Canadian HR Reporter

December 2019 CAN

Canadian HR Reporter is the national journal of human resource management. It features the latest workplace news, HR best practices, employment law commentary and tools and tips for employers to get the most out of their workforce.

Issue link: http://digital.hrreporter.com/i/1188020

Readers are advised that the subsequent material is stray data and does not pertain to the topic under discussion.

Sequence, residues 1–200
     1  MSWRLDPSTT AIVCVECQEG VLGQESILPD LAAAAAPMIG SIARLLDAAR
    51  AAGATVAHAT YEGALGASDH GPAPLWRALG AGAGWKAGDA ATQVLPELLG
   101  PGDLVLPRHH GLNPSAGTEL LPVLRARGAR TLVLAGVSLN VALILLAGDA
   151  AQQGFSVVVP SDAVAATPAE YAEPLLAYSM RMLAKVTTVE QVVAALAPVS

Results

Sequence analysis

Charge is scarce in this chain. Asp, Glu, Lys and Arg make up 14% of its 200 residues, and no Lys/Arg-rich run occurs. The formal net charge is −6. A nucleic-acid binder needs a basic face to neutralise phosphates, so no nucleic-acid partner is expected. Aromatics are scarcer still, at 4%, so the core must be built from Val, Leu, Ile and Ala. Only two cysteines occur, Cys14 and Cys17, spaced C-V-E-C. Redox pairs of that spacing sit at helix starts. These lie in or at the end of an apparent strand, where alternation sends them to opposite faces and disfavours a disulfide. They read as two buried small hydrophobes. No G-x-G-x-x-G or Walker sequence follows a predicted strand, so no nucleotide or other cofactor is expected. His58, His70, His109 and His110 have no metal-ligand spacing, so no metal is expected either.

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THE NATIONAL JOURNAL OF HUMAN RESOURCE MANAGEMENT December 2019 www.hrreporter.com PM41261516 FACIAL SCANNING FACES SKEPTICS Use of AI software in recruitment raises questions about accuracy, bias BY SARAH DOBSON J ust over a year ago, Amazon found itself un- comfortably in the spotlight when it aban- doned an artificial intelligence (AI) recruit- ment tool that turned out to be biased against women because the system had basically taught itself that male candidates were preferable. Fast forward 12 months and Unilever is now in the hot seat as news spread that the consumer goods giant is using facial scanning software in its quest for good candidates. is particular technology analyzes the language, tone and facial expressions of people when they are videoed answering a set of job questions on their cellphone or laptop. Made by HireVue, the software includes game-based assessments to collect tens of thousands of data points that are inputted into pre- dictive algorithms that determine a job candidate's employability. It has been used for 100,000 inter- views in the U.K., says HireVue, and worldwide, de- livers one million interviews and more than 150,000 pre-hire assessments every 90 days. But the path to robotic screening may not be go- ing as smoothly as planned. For one, the Electronic Privacy Information Center (EPIC) in the United States recently filed an official complaint calling for the Federal Trade Commission to investigate Hire- Vue, saying the company's use of AI is an unfair and deceptive trade practice. "e harms caused by HireVue's use of biometric data and secret algorithms are not outweighed by countervailing benefits to consumers or to competi- tion. HireVue has failed to demonstrate any legiti- mate purpose for the collection for job candidates' biometric data or for the use of secret, unproven algorithms to assess the 'cognitive ability, 'psycho- logical traits,' 'emotional intelligence' and 'social ap- titudes' of job candidates," said the complaint. Good and evil AI can be used for good and for evil, says Arran Stew- art, co-founder of Job.com in Newport Beach, Calif. "Video interviewing and analyzing body language, After-hours email ban may have negative effect: study 'Broad-based recommendations might be doing workers a disservice' BY JOHN DUJAY THERE HAS been plenty of press over the past couple of years calling for bans when it came to after-hours emails. In 2017, France went so far as to establish a "right-to-disconnect" law requiring employers to establish hours when workers should not use email. But a recent study out of the U.K. suggests these kinds of restrictions might actually cause psychological harm to some employees. "Despite the best intentions of a solution designed to optimize well-being — such as instructing all employees to switch off their emails outside of work hours to avoid being stressed — this policy would be unlikely to be welcomed by employees who prioritize work performance goals and who would prefer to attend to work outside of hours if it helps them get their tasks completed," says Emma Russell, lead author and senior lecturer in human resource man- agement at the University of Sussex in Brighton, U.K. For those employees who have "high levels of anxiety and neuroti- cism," not allowing them to access emails after hours would hinder their overall work performance, she says. "People need to deal with email in the way that suits their person- ality and their goal priorities in or- der to feel like they are adequately managing their workload." Background Using mixed methods across two studies with knowledge workers who use work email, the research- ers examined whether individual differences in personality can ex- plain why there is a "goal paradox" of email actions. In the first study, interviews of 28 people uncovered 72 email ac- tions that impact goals related to work, well-being, control and con- cern. e second study involving 341 people addressed whether personality traits could predict email activity directed toward Credit: Ivan-balvan (istock) HOW > pg. 10 EmploymentLawToday.com STAY UP TO DATE, AND OUT OF COURT. 'Age-ready' for future of work Leveraging older workforce 'next frontier' for HR Pg. 2 HR Vendors Guide Directory featuring top vendors, suppliers Pg. 15 Hailed as efficient and fair, facial scanning software is facing some criticism when used for recruitment. EMPLOYERS > pg. 8 Focused on innovation We talked to five CEOs to find out how they're excelling when it comes to innovation in the workplace Pg. 21 Cannabis at work Insights, best practices for employers one year after legalization Pg. 5

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